What Happened to the Military Sexual Assault Bill in the Senate on Thursday?

What Women Really Think
March 7 2014 10:57 AM

What Happened to the Military Sexual Assault Bill in the Senate on Thursday?

Sen. Kirsten Gillibrand's bill failed to pass in the Senate Thursday, but we're still making progress.

Photo by Mandel Ngan/AFP/Getty Images

After months of hard campaigning, Sen. Kirsten Gillibrand failed on Thursday to pass her legislation addressing sexual assault in the military, the Military Justice Improvement Act, through the Senate. The bill needed 60 votes to get past the filibuster, and it fell short at only 55. The Senate voted to move forward with Sen. Claire McCaskill's competing bill, the Victims Protection Act, which is expected to pass easily when it comes to a vote. Both bills are crafted to make it easier for victims of sexual violence in the military to report their assaults with the assurance that they will be handled responsibly, but Gillibrand's bill is more far-reaching, ending a commander's authority to decide whether to prosecute an alleged crime and instead employing an independent military prosecutor to make that determination. 

What made the fight over these two bills fascinating—and headache-inducing—is it defied the usual hyperpartisan atmosphere that rules Congress these days. Not only did some of the most heated opposition to Gillibrand's proposal come from Democrats, including Obama, but she also managed to pick up some surprising Republican supporters, including Sen. Ted Cruz and Sen. Rand Paul. The battle also defied any easy narrative. Supporters of Gillibrand's bill and supporters of McCaskill's bill both consider sexual assault in the military to be a serious problem that requires extensive intervention—Gillibrand and McCaskill have worked together to pass a series of bills addressing the issue in the past—but there's a legitimate dispute over whether automatically turning every case over to an independent prosecutor is the best way to get justice for victims. Unfortunately, there's no cut-and-dry answer to that question.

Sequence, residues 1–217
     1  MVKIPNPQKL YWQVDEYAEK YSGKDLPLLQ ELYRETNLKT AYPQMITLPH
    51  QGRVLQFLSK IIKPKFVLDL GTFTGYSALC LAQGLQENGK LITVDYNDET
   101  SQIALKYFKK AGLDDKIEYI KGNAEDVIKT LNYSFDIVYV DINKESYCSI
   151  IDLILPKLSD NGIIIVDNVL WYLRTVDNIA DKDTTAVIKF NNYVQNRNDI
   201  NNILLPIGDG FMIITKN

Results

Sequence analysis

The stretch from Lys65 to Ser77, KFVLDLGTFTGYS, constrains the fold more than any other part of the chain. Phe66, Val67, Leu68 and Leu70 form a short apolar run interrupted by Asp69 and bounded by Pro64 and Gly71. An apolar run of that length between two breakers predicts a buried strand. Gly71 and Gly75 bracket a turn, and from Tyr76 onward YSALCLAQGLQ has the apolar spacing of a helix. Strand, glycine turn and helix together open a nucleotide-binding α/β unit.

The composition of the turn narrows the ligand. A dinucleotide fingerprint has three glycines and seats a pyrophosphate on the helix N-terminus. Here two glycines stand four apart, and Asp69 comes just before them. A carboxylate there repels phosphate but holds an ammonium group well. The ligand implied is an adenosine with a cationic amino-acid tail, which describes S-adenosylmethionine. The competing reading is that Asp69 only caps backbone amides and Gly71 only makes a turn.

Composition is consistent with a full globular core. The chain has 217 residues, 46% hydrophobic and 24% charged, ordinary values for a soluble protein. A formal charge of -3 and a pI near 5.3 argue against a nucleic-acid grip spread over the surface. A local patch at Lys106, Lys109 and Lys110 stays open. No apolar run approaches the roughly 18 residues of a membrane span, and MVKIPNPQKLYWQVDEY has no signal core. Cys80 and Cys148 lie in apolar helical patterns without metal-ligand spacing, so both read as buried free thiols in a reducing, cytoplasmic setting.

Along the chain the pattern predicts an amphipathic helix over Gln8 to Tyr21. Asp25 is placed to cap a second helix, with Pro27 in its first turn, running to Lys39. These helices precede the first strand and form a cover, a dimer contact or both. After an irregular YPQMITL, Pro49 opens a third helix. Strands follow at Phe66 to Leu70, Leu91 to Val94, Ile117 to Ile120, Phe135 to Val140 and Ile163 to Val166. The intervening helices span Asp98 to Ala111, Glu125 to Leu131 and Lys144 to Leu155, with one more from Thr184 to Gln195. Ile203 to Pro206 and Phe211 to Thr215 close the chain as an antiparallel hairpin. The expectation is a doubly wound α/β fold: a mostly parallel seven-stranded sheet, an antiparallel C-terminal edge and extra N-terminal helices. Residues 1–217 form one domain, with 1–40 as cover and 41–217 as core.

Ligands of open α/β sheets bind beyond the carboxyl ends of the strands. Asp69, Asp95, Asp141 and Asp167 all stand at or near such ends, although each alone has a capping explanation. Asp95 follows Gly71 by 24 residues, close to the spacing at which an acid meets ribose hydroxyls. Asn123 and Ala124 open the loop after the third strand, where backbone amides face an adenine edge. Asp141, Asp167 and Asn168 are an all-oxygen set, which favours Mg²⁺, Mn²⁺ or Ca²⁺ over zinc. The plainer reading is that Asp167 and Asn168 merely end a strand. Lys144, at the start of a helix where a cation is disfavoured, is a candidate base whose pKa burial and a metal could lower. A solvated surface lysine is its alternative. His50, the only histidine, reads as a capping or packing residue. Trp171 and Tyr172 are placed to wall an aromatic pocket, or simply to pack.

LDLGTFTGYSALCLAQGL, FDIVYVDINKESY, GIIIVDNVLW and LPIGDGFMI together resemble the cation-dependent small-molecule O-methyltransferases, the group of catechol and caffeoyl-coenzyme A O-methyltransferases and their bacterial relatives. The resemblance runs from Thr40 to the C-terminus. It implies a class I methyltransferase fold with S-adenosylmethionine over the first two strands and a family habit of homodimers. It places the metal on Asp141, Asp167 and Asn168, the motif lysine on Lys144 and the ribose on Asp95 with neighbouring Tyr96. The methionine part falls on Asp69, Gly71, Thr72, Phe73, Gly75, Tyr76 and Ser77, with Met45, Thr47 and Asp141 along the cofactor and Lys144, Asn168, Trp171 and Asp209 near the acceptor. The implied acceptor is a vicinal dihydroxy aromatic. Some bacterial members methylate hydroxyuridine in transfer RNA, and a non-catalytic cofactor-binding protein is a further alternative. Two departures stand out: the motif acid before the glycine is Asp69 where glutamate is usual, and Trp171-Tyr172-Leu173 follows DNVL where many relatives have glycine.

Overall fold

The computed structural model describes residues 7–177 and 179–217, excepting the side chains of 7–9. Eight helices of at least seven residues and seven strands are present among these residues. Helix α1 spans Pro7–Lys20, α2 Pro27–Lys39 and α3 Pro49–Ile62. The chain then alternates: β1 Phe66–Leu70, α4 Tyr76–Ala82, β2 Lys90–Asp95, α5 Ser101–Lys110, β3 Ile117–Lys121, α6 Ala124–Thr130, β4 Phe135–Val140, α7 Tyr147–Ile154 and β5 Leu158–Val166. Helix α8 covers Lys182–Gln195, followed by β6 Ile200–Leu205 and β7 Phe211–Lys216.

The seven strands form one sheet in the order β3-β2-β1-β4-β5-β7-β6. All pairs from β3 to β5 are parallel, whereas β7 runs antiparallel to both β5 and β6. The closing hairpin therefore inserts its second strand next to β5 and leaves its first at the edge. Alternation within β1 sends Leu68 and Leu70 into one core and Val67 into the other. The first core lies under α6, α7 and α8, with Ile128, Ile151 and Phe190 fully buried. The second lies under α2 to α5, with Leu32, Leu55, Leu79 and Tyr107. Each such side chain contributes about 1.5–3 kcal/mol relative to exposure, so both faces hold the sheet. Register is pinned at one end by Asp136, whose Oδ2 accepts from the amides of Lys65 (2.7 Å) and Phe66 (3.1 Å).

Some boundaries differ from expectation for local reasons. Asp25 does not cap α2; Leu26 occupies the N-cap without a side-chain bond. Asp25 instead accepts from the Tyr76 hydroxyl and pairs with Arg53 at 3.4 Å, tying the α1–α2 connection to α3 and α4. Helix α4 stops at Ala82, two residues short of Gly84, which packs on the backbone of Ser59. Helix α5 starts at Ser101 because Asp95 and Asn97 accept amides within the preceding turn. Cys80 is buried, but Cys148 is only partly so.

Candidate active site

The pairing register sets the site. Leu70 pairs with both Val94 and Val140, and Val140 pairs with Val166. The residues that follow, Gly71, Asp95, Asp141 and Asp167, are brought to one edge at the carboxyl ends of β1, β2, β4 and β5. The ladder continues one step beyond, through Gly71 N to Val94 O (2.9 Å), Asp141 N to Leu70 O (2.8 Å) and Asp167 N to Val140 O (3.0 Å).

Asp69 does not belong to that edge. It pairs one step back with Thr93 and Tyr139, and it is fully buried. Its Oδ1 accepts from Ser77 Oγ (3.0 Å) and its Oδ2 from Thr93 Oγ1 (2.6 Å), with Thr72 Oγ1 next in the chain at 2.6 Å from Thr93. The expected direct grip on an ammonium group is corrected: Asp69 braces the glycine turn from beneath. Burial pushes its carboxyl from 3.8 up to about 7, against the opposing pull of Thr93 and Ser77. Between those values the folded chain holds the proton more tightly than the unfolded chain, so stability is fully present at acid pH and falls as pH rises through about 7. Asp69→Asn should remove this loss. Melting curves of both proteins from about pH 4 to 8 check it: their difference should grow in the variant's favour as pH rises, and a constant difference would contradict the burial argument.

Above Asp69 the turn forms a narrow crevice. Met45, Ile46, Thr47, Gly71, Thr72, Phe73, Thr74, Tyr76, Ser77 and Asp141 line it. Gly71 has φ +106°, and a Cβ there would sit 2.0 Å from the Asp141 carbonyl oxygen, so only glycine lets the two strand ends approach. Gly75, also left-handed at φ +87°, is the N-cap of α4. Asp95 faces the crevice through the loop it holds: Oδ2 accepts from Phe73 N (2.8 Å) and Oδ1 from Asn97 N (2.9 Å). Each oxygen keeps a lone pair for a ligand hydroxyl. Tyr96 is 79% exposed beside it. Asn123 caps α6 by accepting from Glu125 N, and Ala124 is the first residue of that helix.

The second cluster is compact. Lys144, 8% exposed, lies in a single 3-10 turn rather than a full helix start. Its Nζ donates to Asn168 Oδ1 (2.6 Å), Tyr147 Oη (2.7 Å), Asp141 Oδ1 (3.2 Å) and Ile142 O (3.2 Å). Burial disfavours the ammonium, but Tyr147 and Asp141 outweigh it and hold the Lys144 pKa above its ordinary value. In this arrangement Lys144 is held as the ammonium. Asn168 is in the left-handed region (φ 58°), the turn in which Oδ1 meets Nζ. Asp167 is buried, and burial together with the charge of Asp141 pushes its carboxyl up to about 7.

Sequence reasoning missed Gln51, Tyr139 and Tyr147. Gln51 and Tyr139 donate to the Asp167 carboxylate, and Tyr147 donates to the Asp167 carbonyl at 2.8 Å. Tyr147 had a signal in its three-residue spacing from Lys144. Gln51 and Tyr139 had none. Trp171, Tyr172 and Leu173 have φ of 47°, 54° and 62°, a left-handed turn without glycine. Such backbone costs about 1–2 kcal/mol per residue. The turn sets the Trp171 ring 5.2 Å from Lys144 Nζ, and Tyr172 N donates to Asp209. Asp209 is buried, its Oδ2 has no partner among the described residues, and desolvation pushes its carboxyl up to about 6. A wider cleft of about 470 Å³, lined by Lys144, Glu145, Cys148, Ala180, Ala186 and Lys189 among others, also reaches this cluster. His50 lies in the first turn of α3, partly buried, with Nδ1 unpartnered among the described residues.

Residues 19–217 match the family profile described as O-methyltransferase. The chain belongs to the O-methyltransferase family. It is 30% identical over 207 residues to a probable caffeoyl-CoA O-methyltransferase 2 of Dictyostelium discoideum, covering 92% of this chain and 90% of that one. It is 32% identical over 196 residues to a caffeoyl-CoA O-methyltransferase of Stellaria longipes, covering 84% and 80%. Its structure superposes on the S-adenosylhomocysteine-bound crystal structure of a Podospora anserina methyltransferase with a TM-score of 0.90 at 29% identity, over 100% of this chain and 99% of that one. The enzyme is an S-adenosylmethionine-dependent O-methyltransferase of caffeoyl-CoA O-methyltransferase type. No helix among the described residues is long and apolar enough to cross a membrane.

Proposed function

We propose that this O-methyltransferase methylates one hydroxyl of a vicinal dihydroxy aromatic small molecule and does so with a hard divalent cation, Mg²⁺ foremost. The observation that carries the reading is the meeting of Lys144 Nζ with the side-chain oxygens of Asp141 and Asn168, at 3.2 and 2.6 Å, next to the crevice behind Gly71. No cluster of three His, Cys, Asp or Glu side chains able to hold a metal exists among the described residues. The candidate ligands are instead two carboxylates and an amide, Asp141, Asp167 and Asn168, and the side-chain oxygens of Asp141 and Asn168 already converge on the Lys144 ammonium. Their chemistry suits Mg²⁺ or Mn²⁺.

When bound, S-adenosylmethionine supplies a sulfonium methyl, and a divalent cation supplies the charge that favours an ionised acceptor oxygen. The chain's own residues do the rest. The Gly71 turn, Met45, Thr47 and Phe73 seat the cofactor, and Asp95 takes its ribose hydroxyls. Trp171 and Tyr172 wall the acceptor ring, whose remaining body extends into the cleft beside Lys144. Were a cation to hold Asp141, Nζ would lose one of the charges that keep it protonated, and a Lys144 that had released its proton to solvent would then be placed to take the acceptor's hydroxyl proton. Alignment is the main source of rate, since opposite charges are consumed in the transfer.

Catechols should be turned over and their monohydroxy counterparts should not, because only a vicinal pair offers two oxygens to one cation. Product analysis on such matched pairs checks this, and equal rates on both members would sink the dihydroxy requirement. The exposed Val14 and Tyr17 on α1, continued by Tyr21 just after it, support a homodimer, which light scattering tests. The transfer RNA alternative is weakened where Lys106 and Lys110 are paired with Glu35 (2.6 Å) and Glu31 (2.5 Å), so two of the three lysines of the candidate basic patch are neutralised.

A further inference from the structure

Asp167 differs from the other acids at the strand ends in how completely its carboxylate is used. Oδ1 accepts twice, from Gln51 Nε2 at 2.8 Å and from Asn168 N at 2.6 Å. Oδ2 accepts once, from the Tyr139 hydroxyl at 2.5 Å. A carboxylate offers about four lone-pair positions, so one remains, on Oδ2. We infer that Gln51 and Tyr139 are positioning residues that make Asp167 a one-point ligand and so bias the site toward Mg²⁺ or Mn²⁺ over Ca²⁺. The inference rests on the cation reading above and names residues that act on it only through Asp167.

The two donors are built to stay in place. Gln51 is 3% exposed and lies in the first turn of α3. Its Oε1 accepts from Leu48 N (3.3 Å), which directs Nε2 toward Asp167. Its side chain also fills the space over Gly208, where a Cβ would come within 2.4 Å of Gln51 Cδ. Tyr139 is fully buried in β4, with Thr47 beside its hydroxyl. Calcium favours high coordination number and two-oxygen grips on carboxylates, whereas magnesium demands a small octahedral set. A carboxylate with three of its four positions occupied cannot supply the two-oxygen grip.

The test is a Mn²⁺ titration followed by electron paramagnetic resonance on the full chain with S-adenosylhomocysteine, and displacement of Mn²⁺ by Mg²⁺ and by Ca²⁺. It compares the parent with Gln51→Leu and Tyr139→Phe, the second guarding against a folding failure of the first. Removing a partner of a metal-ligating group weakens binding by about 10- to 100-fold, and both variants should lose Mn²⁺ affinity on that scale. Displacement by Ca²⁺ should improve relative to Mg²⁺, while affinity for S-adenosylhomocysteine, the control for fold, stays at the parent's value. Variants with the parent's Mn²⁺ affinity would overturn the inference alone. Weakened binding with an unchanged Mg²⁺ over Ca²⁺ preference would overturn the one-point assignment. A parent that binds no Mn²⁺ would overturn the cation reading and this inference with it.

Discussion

Richard Oppel at the New York Times reviewed the arguments for both bills in a piece on Sunday. Gillibrand's supporters argue that keeping rape prosecution in the chain of command opens the door to corruption. Commanders are likely to know the accused well—or, in some cases, they are the accused—and may have an inclination to sweep the charges under the rug, even if they have strong reason to believe the accused is guilty. McCaskill's supporters counter by pointing out cases where prosecutors decided to drop serious charges against accused rapists in favor of lesser charges, suggesting that a victim's chances of getting justice isn't any better in the hands of an independent prosecutor. That hasn't deterred Gillibrand's supporters, however, who say that the absolute number of prosecutions isn't the issue so much as giving victims reassurance that a third party with no pre-existing loyalties to either the victim or the accused will be the person handling the case. 

Then there's the matter of practicality. While independent prosecutors are easy enough to handle when the accusations are made stateside, if someone is raped in a war zone, it is simply much more practical to have the commander on the ground making the decision of how to handle the situation. Some pragmatism has to be sacrificed in interest of justice, of course, which is why both Gillibrand and McCaskill support assigning accusers independent counsel, but Gillibrand's opponents question whether or not it's worth making the process that much harder for the military with no promise of getting more guilty offenders convicted. 

While both bills have a lot to offer victims, including more direct assistance and more assurance that their charges will be taken seriously, in the end it seems that there just may not be a perfect policy solution to the problem of sexual assault in the military. As with the civilian world, the obstacles to getting justice for victims are more about culture than about the structure of the justice system: reflexive victim-blaming, the difficulties in distinguishing rape from consensual sex when there are no outside witnesses, and the myth that false rape accusations are more common than they are. Regardless of their differences, both McCaskill and Gillibrand have done a great service in keeping this debate in the public eye, which will go a long way toward changing the culture so that victims of sexual assault are taken more seriously by everyone. 

Amanda Marcotte is a Brooklyn-based writer and DoubleX contributor. She also writes regularly for the Daily Beast, AlterNet, and USA Today. Follow her on Twitter.



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